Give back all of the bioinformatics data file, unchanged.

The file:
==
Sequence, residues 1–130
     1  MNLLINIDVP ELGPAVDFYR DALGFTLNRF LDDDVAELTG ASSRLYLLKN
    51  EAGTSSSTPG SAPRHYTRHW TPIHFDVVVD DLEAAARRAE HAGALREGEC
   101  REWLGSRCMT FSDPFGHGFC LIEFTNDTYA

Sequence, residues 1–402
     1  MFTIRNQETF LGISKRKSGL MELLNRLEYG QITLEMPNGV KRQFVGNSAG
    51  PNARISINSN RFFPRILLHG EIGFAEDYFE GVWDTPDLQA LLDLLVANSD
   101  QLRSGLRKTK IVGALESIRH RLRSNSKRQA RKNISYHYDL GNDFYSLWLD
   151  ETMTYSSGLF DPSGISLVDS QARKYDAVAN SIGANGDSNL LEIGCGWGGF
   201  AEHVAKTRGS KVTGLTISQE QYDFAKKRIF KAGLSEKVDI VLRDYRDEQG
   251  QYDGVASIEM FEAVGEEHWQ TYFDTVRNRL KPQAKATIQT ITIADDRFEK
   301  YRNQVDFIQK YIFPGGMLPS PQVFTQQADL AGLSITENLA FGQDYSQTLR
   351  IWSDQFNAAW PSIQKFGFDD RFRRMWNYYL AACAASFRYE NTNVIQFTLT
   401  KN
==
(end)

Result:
Sequence, residues 1–130
     1  MNLLINIDVP ELGPAVDFYR DALGFTLNRF LDDDVAELTG ASSRLYLLKN
    51  EAGTSSSTPG SAPRHYTRHW TPIHFDVVVD DLEAAARRAE HAGALREGEC
   101  REWLGSRCMT FSDPFGHGFC LIEFTNDTYA

Sequence, residues 1–402
     1  MFTIRNQETF LGISKRKSGL MELLNRLEYG QITLEMPNGV KRQFVGNSAG
    51  PNARISINSN RFFPRILLHG EIGFAEDYFE GVWDTPDLQA LLDLLVANSD
   101  QLRSGLRKTK IVGALESIRH RLRSNSKRQA RKNISYHYDL GNDFYSLWLD
   151  ETMTYSSGLF DPSGISLVDS QARKYDAVAN SIGANGDSNL LEIGCGWGGF
   201  AEHVAKTRGS KVTGLTISQE QYDFAKKRIF KAGLSEKVDI VLRDYRDEQG
   251  QYDGVASIEM FEAVGEEHWQ TYFDTVRNRL KPQAKATIQT ITIADDRFEK
   301  YRNQVDFIQK YIFPGGMLPS PQVFTQQADL AGLSITENLA FGQDYSQTLR
   351  IWSDQFNAAW PSIQKFGFDD RFRRMWNYYL AACAASFRYE NTNVIQFTLT
   401  KN